Blockchain may be the newest buzzword, but that doesn’t mean it is all hype. The technology has the potential to put supply chains in the oil and gas industry on their heads, but of course, that’s all in theory. One of the frequent questions we hear at RigServ is why should a company in this industry consider blockchain and what is it. What is a distributed ledger?
What is Blockchain?
Blockchain is a distributed ledger. It can work as a currency and often does but it doesn’t have centralized banking or require conversions to do business with people around the world – and it secure by its nature. The Economist explains blockchain as “a distributed ledger that maintains a continuously-growing list of every transaction across every network distributed over tens of thousands of computers. This makes it almost impossible to hack, changing the way banking is done.”
Blockchain also introduces security to other types of transactions too, like credit card payments, but blockchain is much more than a currency. It also adds security, transparency, and efficiency to transactions.
Block Geeks explains blockchain’s ledger through Word documents. Normally, if you write a paper, the one copy exists. If a person wanted to comment on or edit your document, he or she would get a copy from you, edit it, then send it back as a new file. With blockchain technology, you can both work from within the same file so there is no risk of having multiple versions of the file and everything stays in sync. Also, because there is no going back and forth, it is much more efficient.
How Can It Be Used in Supply Chains?
One of the biggest arenas for blockchain as a distributed ledger to shine is in supply chains. Think about it like this. “Most of the things we buy aren’t made by a single entity, but by a chain of suppliers who sell their components (e.g., graphite for pencils) to a company that assembles and markets the final product,” explains Phil Gomes on Edelman Digital. “If any one of those components fail, however, the brand takes the brunt of the backlash — it holds the majority of the responsibility for its supply chain.”
However, what if the supply chain itself was transparent the way blockchain transactions are? The technology makes it possible to provide digital records that can be audited to show exactly where a given is at in each step of the supply chain.
Oil and Gas Industry-Specific Applications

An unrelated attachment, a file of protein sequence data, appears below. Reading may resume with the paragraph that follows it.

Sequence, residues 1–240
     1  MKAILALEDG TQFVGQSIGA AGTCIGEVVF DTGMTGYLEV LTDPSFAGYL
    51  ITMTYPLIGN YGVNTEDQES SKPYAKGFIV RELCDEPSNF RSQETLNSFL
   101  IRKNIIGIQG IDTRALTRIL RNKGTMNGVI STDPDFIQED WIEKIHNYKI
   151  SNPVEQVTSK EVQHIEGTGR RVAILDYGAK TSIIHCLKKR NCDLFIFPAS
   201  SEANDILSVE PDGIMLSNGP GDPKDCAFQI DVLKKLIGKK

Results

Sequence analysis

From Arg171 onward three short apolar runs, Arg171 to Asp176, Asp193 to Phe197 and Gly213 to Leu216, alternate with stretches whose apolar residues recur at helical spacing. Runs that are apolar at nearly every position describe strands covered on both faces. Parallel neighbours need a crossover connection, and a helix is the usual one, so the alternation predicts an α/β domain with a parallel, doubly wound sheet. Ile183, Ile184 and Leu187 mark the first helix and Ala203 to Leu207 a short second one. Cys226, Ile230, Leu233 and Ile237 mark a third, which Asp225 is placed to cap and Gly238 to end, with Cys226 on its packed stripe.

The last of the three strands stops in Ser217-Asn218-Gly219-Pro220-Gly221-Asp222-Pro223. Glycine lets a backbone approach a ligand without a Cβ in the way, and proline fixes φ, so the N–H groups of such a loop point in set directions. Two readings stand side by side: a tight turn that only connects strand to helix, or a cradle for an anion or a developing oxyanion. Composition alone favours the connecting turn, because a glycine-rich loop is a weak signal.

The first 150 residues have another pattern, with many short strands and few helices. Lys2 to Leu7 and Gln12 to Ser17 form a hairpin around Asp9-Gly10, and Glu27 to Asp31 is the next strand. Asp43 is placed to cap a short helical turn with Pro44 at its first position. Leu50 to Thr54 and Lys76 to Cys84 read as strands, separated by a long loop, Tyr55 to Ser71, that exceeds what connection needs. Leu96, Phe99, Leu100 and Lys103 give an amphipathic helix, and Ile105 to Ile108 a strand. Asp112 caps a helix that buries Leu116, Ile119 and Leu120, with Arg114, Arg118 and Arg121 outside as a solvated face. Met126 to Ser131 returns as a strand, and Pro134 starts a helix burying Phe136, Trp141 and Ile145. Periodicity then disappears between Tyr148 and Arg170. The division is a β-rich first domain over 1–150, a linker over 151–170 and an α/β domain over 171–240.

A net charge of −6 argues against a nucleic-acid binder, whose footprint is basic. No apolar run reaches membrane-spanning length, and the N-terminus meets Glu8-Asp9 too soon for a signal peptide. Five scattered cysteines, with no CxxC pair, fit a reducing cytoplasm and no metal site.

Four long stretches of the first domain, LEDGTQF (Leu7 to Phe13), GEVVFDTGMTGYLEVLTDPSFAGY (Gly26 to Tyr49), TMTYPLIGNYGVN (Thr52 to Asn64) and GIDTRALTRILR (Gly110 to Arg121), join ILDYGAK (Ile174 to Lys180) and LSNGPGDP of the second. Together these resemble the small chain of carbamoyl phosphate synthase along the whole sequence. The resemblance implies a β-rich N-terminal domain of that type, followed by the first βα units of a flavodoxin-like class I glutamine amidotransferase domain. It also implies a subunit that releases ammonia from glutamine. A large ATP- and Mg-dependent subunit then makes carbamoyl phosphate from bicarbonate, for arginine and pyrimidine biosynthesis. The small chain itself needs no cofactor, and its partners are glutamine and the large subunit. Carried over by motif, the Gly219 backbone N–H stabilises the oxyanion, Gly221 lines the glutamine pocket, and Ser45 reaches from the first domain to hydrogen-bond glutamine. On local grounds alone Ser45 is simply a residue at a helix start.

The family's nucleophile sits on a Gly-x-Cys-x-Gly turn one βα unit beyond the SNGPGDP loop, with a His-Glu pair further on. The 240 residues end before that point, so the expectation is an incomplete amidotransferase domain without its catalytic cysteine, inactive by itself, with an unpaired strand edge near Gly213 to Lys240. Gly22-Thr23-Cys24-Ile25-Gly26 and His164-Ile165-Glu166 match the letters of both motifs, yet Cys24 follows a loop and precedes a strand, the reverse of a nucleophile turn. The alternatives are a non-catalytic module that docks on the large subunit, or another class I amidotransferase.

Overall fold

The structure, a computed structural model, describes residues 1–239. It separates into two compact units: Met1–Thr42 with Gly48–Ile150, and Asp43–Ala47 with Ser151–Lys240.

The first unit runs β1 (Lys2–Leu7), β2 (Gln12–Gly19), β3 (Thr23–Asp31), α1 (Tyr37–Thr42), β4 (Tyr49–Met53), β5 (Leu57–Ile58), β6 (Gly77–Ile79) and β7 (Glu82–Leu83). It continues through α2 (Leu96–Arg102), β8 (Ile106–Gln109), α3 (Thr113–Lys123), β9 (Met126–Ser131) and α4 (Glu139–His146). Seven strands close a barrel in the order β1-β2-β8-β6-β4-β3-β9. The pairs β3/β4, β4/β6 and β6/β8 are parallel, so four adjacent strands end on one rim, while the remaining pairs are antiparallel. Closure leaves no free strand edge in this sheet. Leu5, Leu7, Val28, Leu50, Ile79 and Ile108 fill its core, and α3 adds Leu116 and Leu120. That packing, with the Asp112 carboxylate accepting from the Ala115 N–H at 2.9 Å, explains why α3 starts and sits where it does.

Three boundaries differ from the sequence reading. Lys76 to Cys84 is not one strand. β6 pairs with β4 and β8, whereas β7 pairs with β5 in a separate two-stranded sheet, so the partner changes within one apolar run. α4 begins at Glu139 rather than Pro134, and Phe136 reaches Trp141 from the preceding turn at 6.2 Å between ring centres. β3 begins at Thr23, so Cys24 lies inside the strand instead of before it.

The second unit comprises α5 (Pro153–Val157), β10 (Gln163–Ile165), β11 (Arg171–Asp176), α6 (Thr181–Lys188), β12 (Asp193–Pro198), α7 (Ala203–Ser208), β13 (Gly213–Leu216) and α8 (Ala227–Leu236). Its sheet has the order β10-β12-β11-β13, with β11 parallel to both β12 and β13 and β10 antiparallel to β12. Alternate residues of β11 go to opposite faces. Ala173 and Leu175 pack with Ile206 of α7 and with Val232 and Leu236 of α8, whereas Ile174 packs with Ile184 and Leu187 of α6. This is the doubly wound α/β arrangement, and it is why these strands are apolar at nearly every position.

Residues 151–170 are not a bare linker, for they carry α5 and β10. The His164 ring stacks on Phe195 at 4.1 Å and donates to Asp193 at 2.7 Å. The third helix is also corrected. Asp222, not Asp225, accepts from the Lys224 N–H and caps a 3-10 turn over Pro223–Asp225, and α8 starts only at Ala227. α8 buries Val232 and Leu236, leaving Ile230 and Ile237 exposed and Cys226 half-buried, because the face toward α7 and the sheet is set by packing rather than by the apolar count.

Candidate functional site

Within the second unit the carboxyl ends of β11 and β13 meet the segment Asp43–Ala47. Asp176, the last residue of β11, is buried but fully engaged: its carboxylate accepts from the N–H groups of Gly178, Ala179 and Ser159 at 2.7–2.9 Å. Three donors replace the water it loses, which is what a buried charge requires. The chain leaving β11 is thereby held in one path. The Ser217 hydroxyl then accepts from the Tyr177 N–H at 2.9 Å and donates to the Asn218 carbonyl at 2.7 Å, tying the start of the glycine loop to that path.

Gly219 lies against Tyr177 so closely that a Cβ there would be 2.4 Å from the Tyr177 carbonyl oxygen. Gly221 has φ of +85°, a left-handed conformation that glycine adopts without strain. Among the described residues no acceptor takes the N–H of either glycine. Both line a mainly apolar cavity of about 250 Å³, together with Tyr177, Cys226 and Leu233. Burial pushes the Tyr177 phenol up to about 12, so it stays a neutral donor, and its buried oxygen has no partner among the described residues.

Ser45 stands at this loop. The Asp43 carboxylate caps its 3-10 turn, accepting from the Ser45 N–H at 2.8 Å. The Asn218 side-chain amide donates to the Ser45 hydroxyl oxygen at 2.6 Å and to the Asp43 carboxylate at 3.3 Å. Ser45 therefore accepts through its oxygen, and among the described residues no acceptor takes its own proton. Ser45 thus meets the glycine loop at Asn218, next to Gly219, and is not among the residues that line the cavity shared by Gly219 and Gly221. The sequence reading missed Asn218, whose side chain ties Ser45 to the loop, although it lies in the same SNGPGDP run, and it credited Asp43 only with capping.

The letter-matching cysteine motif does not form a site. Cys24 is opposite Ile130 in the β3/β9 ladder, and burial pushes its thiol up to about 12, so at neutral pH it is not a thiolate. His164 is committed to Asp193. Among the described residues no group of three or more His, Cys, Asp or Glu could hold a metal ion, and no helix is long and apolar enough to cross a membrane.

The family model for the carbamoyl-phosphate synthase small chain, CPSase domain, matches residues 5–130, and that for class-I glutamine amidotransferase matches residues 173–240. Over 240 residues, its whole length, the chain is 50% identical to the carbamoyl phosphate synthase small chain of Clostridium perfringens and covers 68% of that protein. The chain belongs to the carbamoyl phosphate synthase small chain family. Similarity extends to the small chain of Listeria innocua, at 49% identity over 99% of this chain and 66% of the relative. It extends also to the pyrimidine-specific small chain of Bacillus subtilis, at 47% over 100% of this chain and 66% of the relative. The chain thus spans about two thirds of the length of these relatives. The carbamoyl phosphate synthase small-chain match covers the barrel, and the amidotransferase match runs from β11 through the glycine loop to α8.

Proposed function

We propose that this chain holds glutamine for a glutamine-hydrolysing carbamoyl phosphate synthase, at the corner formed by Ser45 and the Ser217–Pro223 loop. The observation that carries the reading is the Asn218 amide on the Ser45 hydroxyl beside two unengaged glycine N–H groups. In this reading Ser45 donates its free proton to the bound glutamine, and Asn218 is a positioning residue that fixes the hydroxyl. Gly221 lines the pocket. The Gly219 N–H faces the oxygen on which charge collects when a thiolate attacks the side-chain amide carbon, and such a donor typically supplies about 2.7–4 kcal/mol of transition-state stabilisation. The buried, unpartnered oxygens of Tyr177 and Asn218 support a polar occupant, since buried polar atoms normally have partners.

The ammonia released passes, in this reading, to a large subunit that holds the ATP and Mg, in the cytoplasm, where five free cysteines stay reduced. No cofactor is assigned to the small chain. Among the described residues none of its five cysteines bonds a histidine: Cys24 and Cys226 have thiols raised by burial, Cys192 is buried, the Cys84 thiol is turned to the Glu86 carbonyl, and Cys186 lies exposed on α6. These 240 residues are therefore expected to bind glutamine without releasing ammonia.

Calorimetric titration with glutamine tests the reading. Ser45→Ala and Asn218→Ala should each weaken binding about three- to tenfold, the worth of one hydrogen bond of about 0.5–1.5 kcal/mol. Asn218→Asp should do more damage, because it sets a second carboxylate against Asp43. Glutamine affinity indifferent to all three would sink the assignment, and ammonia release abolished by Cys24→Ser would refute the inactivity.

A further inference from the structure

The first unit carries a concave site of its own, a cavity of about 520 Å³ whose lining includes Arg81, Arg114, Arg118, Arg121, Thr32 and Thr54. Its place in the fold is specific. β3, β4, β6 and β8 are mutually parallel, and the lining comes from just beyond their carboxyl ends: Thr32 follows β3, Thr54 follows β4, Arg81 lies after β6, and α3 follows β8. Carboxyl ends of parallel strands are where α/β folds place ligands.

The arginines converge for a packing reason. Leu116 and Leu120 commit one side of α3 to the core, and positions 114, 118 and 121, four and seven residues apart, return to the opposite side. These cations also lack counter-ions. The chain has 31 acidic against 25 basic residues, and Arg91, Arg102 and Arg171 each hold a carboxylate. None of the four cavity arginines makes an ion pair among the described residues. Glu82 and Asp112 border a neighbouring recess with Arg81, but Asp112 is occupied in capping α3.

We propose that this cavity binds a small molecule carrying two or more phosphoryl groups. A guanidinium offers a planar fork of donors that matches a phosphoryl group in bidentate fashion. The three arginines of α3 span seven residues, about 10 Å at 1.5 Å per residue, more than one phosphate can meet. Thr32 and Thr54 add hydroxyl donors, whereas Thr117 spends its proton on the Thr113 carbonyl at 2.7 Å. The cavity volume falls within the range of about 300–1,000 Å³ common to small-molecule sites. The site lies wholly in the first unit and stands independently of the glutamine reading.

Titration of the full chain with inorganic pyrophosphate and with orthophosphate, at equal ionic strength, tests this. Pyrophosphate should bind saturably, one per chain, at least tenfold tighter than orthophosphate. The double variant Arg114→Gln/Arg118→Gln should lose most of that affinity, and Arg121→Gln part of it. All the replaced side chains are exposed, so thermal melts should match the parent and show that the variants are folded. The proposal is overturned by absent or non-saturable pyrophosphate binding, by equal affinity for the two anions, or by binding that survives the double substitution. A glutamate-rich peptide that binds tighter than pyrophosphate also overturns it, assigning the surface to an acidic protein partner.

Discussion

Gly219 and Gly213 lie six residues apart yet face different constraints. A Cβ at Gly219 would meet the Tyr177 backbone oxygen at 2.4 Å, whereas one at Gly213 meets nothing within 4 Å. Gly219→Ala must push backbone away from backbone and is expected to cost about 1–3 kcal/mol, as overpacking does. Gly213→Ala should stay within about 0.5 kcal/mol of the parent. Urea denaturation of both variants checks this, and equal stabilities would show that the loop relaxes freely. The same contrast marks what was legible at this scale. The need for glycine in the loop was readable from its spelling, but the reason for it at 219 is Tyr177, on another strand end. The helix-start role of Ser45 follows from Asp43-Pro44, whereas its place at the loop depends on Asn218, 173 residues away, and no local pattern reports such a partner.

Imagine how this could work for the oil and gas industry. Each stakeholder would see exactly where the product is at in each step of the refining process. What’s more, blockchain enables “smart contracts.” These are essentially computer programs that are self-automated. When A and B happen, C is released. For instance, there is a company called Slock that lets people rent bicycles remotely. As long as the owner (A) agrees to terms with the borrower (B), the bike lock is unlocked (Action C). Or, to use an industry-specific example, when your distributor agrees to your terms, a shipment is automatically delivered. The transaction is secure (Action C is unlocked only when A agrees with B), efficient (the transaction happens instantly), and transparent.
Hurdles to Adopting Blockchain
One of the biggest hurdles is transparency. Some people may not want their transactions to be visible to everyone. Blockchain removes some anonymity and this brings to question issues relating to confidentiality and data privacy. In reality, blockchain is transparent but only to the extent that it enables security, but perception is everything. There is also an issue with familiarity. Adopting blockchain is somewhat scary because it is so different from traditional currency-based transactions and largely misunderstood. Availability is an issue as well. Not everyone uses the technology so adopting blockchain will likely be something that you cannot use for every transaction, at least at first.
That said, blockchain adoption is still moving forward. “Majors like BP and Shell are making headlines with plans to utilize blockchain tech to completely transform how energy is bought and sold,” writes Oil Price. “Smaller players with big ambitions like Canada’s Petroteq are preparing to revolutionize the day to day operations of potentially every oil operation on the planet.”
Why? Because it works. Blockchain has benefits that far outweigh any hurdles or potential downfalls. It has lots of practical applications that businesses throughout the oil and gas supply chain can use to make their companies as efficient as possible.